'Your worst nightmare': Lancashire headteacher's new book on coping with the loss of 'gorgeous little girl' Saffie-Rose Roussos in Manchester Arena bombing

When he woke on the morning of May 23rd, 2017, Chris Upton had no idea who Ariana Grande was. Headteacher at Tarleton Community Primary School, he had no idea that one of his students, Saffie-Rose Roussos, had been at the Manchester Arena the night before. And he had no idea that Salman Abedi had detonated an explosive at the venue, killing 22 innocent people.

By Jack Marshall
Monday, 7th March 2022, 4:55 am
Updated Monday, 7th March 2022, 10:35 am

“When I saw the news, I panicked because, while I didn’t know Saffie had been at the arena, I knew a couple of other students had been,” says Chris. “I got into work and phoned the families, who weren’t hurt, before starting to think about how we could support them. Then one of my teachers showed me a Facebook post. It was Saffie’s picture saying ‘missing’.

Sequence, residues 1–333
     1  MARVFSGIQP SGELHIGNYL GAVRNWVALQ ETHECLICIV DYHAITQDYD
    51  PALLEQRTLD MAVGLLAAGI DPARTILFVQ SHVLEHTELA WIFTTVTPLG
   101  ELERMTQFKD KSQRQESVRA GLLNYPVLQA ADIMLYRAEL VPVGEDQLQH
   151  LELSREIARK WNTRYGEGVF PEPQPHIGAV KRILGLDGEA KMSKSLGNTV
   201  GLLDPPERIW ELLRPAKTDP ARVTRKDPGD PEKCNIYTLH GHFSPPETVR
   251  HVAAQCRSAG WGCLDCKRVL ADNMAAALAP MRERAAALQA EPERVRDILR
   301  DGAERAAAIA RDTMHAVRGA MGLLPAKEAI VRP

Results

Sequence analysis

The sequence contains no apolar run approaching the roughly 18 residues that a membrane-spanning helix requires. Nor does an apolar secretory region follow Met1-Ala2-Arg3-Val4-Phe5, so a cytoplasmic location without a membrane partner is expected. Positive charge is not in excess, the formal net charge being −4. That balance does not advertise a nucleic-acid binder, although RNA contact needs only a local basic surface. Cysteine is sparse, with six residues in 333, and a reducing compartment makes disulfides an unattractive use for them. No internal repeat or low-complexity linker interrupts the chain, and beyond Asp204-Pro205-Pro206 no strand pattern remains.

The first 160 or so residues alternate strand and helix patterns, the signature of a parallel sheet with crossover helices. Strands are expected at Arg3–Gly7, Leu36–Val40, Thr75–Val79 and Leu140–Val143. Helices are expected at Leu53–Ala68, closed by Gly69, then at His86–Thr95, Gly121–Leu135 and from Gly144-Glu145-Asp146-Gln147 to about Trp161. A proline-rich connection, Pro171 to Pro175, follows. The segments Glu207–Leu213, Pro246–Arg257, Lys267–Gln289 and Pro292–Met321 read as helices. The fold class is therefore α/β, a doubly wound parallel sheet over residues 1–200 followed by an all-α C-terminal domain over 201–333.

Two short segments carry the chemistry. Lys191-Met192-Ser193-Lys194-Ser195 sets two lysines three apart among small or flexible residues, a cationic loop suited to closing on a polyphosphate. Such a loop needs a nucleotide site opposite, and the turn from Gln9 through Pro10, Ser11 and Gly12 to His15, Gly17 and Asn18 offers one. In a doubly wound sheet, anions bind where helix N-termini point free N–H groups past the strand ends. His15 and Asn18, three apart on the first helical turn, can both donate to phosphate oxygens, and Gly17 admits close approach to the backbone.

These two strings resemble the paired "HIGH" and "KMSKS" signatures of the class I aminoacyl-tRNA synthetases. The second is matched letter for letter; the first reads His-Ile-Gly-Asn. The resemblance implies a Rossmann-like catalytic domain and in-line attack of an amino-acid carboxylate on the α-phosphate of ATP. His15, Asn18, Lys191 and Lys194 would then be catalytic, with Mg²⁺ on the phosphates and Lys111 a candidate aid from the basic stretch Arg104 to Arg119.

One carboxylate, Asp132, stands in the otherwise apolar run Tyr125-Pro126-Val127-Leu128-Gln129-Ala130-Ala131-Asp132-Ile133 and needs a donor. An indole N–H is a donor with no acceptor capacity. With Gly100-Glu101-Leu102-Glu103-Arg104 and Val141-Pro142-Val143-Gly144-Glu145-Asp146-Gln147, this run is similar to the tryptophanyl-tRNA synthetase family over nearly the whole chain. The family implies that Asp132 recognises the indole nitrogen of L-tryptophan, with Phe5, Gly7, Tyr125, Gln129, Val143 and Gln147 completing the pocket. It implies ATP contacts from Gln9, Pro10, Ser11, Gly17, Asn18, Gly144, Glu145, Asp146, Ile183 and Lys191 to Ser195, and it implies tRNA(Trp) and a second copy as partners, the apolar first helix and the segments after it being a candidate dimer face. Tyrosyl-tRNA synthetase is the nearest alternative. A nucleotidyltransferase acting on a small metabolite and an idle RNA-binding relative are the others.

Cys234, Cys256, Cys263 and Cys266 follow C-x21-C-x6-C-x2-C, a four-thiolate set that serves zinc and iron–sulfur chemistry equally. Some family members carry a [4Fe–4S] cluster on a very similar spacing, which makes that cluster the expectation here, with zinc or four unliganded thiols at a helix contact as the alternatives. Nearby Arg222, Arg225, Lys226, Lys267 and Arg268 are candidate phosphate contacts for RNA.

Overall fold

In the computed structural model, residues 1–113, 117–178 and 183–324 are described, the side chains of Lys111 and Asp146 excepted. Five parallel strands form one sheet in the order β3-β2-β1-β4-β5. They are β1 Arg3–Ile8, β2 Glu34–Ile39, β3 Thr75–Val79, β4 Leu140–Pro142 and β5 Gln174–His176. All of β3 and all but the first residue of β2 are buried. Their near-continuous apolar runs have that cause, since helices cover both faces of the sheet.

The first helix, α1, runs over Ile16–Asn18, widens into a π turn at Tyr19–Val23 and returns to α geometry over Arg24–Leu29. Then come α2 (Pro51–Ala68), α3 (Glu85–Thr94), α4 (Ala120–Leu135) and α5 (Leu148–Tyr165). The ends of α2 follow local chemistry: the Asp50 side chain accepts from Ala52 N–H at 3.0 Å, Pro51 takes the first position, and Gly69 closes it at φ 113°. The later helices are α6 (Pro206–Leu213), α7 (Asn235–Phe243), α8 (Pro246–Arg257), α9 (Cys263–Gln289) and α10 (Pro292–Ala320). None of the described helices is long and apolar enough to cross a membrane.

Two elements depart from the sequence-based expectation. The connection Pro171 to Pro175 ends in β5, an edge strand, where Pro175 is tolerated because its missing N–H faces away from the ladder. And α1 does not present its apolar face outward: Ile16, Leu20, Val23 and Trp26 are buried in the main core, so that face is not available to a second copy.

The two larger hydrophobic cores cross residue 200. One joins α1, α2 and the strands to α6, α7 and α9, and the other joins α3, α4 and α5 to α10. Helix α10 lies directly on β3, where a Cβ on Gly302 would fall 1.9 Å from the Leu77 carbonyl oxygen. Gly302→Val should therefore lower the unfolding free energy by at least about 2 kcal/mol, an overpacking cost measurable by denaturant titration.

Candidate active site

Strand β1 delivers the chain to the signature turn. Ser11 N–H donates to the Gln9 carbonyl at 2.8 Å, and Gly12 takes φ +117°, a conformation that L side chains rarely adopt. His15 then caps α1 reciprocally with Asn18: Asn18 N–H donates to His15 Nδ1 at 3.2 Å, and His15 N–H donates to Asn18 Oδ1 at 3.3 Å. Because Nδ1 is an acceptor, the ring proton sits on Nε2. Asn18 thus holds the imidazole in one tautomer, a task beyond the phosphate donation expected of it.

“I was gobsmacked,” he adds. “But, to be honest, I didn’t think she was dead because we were hearing that children had been taken to the Holiday Inn and, as human beings, you err on the side of hope. But this was your worst nightmare, a student from a rural primary school in Lancashire missing after a domestic terror attack on UK soil… Totally unprecedented.

“I met with staff to prep them and we agreed we’d do an assembly so we could respond honestly to the children’s questions, which we thought was best,” continues Chris. “The kids were a bit wobbly and it was a hard assembly to do, but we faced it because we knew we had to, despite the atmosphere of disbelief.

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Tarleton Community Primary School's tribute to Saffie

“Afterwards, we had another staff meeting about next steps, which is when a member of the office team came in in floods of tears. The place just fell apart.”